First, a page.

FOVEX – An expert system for the detection of overreaching


  • Martin Dobiasch University of Vienna, Austria
  • Arnold Baca University of Vienna, Austria



Overreaching is defined as a stress-induced (training and non-training) state resulting in the short-term decrement of performance. Overtraining, in contrast, results in a long-term decrement of performance (Kreider, Fry, & O’Toole, 1998). A diagnosis for overreaching can, per definition, be solely made by identifying a reduction in performance (Halson & Jeukendrup, 2004). However, a resulting reduction of training load based on such a diagnosis might not be accepted since some coaches intentionally lead their athletes to fatigued states in order to achieve supercompensation (Halson & Jeukendrup, 2004).

Several studies have investigated factors influencing overreaching and overtraining. However, the number of factors might be too high and, additionally, their individual contribution cannot be fixed to a single formula. What is more, some of these factors, such as the blood-lactate kinetic during a graded exercise test, can only be determined in an invasive manner. Moreover, other parameters, such as the leucocyte number (Mackinnon, 2000), require laboratory equipment for their correct determination. Another drawback of these studies is that most of the parameters were determined after an overloading period i.e. at a moment when it might have been too late to react to the possible overreaching or overtraining in a real-world coaching scenario.

This paper presents the expert system FOVEX for the early detection of a possible overreaching. Expert systems are a special case of knowledge-based systems (KBS) deriving knowledge from facts using rules. They are composed of a knowledge base (initial facts) and an interference engine. Using rules, additional facts can be asserted from the knowledge base and thus a conclusion can be derived.



The system requires the athletes to send data about their training sessions (for example heart rate and power) and well-being to a server where it is stored and analysed. In addition to their training data, the athletes are required to give answers to a short questionnaire which asks for factors such as perceived exertion, pain and mood state as these parameters have been found to have an influence on overreaching (Le Meur et al., 2013; Mackinnon, 2000).

Based on the data of a training session various metrics are computed. These metrics can include the maximal heart rate during a session HRpeak, Heart rate recovery rate (HRR) after an interval (Aubry et al., 2015). Changes in these parameters indicate symptoms of overreaching. Another parameter is the training load of each session which is also computed as an accumulated metric, i.e. the weekly training load as an increase in training load is a factor contributing to overreaching.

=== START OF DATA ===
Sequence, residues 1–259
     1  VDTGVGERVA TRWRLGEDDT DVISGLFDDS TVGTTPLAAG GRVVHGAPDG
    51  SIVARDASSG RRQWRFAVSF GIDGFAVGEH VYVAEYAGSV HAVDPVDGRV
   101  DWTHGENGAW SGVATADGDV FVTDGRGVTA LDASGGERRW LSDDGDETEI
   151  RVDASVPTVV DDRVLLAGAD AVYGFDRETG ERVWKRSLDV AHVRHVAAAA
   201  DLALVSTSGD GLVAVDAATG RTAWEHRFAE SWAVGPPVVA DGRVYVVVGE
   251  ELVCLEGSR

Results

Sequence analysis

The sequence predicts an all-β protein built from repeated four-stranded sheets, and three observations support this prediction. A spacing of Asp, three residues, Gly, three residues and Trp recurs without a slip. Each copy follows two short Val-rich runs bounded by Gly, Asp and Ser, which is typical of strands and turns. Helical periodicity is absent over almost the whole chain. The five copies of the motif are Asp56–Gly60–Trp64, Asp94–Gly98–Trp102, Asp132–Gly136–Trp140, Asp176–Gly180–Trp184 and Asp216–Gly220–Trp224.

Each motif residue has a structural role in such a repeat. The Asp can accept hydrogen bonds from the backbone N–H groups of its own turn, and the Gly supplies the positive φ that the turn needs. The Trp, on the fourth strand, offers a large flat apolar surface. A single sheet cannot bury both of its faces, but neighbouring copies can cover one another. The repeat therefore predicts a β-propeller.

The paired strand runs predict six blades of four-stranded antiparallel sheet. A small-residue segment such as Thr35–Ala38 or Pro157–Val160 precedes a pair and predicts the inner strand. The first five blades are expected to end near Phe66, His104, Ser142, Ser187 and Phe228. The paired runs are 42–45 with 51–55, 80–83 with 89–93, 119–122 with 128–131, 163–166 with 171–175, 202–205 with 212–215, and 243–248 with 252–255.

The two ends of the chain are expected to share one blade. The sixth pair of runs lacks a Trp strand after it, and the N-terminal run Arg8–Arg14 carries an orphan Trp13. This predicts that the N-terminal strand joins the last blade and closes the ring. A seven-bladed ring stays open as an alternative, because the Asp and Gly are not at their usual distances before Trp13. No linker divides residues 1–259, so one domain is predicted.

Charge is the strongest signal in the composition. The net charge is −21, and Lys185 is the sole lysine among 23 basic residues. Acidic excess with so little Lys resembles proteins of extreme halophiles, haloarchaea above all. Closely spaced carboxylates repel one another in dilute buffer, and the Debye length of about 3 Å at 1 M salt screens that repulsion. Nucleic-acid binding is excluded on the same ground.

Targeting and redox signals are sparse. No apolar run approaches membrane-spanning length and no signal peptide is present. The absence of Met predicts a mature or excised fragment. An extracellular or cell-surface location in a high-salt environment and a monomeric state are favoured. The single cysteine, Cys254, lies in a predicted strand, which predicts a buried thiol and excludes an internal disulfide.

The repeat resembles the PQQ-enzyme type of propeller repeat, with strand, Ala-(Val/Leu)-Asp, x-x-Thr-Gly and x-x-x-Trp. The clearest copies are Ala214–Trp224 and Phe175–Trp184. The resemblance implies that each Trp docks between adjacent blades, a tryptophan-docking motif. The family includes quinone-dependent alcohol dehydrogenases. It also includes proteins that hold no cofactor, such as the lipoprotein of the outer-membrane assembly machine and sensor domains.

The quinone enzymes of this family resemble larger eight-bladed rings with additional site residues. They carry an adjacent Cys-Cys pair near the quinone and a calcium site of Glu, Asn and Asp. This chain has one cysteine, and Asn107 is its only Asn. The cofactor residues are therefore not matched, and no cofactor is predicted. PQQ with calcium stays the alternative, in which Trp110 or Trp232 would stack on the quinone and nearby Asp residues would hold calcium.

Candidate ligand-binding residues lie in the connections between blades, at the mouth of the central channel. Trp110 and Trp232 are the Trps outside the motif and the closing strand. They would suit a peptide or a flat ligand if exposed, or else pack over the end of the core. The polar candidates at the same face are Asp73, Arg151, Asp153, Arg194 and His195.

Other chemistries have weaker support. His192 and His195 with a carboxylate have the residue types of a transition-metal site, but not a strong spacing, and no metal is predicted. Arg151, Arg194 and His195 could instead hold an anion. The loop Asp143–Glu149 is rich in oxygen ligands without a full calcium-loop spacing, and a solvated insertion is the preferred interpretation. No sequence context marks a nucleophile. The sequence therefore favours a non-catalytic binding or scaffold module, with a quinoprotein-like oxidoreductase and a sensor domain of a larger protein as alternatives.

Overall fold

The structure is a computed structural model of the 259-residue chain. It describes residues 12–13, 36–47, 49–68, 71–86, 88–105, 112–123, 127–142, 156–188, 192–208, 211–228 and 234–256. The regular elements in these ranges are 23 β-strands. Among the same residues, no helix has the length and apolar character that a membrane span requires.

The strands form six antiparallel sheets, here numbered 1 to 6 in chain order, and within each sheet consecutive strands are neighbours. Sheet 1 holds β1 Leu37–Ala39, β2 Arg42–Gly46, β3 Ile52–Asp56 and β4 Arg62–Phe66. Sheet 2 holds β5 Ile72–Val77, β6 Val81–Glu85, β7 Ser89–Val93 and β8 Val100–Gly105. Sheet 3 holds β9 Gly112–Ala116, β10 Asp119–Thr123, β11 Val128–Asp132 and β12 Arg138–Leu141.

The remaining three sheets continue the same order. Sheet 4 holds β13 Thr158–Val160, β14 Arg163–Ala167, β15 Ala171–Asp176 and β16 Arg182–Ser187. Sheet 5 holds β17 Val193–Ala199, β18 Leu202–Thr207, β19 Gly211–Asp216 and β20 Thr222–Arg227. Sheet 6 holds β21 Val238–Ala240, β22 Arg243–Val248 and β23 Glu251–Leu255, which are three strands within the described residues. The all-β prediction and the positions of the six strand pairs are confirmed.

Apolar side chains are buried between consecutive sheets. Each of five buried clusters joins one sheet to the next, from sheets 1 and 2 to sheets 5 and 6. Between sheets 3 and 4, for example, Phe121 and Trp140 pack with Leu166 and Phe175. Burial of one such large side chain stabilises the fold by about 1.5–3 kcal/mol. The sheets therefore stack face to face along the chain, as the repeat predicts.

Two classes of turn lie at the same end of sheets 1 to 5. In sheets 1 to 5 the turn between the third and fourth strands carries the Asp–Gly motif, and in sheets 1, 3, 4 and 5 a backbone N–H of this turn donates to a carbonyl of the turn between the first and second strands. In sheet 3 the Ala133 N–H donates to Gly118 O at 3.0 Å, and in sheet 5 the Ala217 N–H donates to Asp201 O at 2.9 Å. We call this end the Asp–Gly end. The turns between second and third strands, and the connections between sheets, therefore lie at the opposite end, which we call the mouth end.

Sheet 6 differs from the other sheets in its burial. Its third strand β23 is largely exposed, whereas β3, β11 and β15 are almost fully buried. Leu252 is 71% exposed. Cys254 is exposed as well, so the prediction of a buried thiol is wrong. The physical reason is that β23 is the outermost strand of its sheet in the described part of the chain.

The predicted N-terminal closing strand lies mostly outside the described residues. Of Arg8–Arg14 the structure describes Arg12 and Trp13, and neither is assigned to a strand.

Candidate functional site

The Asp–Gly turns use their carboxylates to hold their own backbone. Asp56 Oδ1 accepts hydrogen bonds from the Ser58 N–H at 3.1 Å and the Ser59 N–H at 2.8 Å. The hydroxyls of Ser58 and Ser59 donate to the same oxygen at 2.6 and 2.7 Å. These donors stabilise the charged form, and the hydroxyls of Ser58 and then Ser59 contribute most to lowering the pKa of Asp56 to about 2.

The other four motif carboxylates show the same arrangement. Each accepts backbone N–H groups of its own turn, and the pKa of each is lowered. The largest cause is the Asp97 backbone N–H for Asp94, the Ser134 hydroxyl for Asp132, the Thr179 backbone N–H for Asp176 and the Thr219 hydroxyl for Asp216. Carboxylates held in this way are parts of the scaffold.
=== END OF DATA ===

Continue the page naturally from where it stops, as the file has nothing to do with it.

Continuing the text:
From these metrics and parameters the rules from the KBS are used to derive facts such as “Performance decrease” and “HRR increase”. Based on these facts additional rules are then used to check whether there is an indication for overreaching. In case that an athlete shows signs of overreaching due to the newly added data, the coach receives a notification.



The system was evaluated using the data provided by Aubry et al. The findings of the study were transformed into rules as follows: Since decreased performances in the laboratory test were used as main predictor for the classification of overreaching by Aubry et al., the provided peak power output was set to be monitored for decreases. The main finding of the study was that the overreaching athletes “demonstrated a very large increase in HRR” (Aubry et al., 2015), so these values were monitored for increases. Additionally, HRR60s (heart rate 60 seconds after cessation of the test) and HRpeak values were monitored for decreases. Using these four assertions the system was able to classify all 31 datasets correctly as “overreached” or “not overreached” according to the classification by Aubry et al.


The presented system derives a warning for possible overreaching from training data and data about the mood state as well as pain of the athlete. Rather than a post-hoc classification of athletes as overreaching, FOVEX aims at providing coaches a tool to detect early warning signs and thus avoid complications posed by overreaching.


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How to Cite

Dobiasch, M., & Baca, A. (2018). FOVEX – An expert system for the detection of overreaching. Journal of Science and Cycling, 6(3). Retrieved from